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China Central Bank Provides Short Term Funding to Banks

China’s central bank has provided emergency funding support to commercial banks and will add more cash on Tuesday, as authorities respond to a spike in cash rates ahead of a major holiday, the bank announced on Monday.

The move by the People’s Bank of China (PBOC) comes after the interest rate that banks charge each other for short-term loans spiked in recent days.

Bankers and analysts say the PBOC is attempting to strike a balance by guiding interbank interest rates steadily higher to reduce excess credit growth, while avoiding an acute credit crunch that could spark panic and choke off financing to the real economy.

The central bank also appears to be responding to criticism that it failed to communicate effectively with the market during a severe cash crunch that roiled markets in June. Bankers and analysts criticized the PBOC for remaining largely silent as panic gripped the market and rumors swirled about interbank defaults.

“The central bank’s operations are just a flexible response to the liquidity situation. They weren’t planning to inject funds,” China International Capital Corp (CICC) wrote in a note to clients late on Monday.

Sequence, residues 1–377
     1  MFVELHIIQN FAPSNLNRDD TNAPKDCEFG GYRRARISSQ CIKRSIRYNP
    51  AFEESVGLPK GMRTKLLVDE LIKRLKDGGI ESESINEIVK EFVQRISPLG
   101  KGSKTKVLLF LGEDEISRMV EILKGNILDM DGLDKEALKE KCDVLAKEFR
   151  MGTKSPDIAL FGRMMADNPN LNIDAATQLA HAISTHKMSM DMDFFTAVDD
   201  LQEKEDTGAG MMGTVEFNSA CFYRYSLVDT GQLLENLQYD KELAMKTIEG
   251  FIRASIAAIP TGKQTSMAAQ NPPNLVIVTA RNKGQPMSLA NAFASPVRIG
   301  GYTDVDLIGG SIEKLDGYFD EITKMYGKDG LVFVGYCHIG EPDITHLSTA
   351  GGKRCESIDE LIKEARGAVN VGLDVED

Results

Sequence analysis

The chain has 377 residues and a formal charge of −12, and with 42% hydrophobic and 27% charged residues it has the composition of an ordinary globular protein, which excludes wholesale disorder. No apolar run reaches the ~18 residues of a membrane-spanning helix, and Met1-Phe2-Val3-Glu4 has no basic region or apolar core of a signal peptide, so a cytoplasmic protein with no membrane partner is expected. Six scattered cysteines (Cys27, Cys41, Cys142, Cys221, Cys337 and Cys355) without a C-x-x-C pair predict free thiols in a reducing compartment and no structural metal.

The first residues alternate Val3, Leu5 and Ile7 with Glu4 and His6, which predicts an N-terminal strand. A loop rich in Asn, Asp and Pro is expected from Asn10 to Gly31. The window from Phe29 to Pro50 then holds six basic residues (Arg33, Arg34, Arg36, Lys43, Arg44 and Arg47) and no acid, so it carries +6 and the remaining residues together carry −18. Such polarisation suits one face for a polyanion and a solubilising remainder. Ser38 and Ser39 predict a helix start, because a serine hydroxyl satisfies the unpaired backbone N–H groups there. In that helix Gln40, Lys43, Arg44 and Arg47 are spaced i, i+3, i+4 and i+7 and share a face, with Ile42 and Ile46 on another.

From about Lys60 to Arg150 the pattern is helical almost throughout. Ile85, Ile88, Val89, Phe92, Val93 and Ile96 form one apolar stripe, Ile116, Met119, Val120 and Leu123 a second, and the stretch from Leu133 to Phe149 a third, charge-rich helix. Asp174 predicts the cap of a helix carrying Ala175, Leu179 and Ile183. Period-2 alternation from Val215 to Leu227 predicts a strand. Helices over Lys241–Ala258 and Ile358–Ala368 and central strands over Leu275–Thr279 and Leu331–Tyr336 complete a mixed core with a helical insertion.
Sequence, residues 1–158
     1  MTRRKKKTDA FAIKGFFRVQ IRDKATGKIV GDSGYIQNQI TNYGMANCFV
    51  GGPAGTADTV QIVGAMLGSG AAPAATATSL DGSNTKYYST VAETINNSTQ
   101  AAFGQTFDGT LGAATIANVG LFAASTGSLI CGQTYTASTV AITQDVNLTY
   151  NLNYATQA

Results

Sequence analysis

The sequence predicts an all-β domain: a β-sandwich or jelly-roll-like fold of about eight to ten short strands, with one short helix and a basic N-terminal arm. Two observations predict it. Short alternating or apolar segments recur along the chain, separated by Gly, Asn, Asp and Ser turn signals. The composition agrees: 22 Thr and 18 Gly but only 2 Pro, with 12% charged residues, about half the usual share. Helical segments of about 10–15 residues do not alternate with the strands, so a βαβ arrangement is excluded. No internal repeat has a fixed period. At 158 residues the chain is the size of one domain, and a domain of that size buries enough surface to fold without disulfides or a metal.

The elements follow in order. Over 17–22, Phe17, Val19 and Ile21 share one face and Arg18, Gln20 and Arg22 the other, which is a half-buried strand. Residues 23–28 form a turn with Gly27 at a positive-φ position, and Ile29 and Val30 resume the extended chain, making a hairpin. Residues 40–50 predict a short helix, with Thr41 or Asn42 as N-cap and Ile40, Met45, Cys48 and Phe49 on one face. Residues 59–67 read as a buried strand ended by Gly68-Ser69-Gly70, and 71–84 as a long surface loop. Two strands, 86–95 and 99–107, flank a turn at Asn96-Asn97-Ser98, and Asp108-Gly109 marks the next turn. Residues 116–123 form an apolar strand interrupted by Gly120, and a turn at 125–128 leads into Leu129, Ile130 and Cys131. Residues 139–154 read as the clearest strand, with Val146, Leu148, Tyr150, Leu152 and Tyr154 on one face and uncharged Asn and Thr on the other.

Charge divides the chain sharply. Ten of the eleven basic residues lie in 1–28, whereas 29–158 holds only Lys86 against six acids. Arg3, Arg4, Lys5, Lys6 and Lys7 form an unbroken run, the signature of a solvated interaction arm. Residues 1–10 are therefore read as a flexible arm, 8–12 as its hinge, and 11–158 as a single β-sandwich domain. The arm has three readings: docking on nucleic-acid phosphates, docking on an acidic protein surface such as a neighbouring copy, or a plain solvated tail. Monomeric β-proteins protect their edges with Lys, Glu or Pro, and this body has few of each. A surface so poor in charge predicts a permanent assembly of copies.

The PBOC said via its official Twitter-like Weibo micro-blog that it had provided an unspecified amount of funding to the largest banks via its Short-term Lending Facility (SLF).

via Reuters [1]

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Alfonso Esparza

Alfonso Esparza [6]

Senior Currency Analyst at Market Pulse [7]
Alfonso Esparza specializes in macro forex strategies for North American and major currency pairs. Upon joining OANDA in 2007, Alfonso Esparza established the MarketPulseFX blog and he has since written extensively about central banks and global economic and political trends. Alfonso has also worked as a professional currency trader focused on North America and emerging markets. He has been published by The MarketWatch, Reuters, the Wall Street Journal and The Globe and Mail, and he also appears regularly as a guest commentator on networks including Bloomberg and BNN. He holds a finance degree from the Monterrey Institute of Technology and Higher Education (ITESM) and an MBA with a specialization on financial engineering and marketing from the University of Toronto.
Alfonso Esparza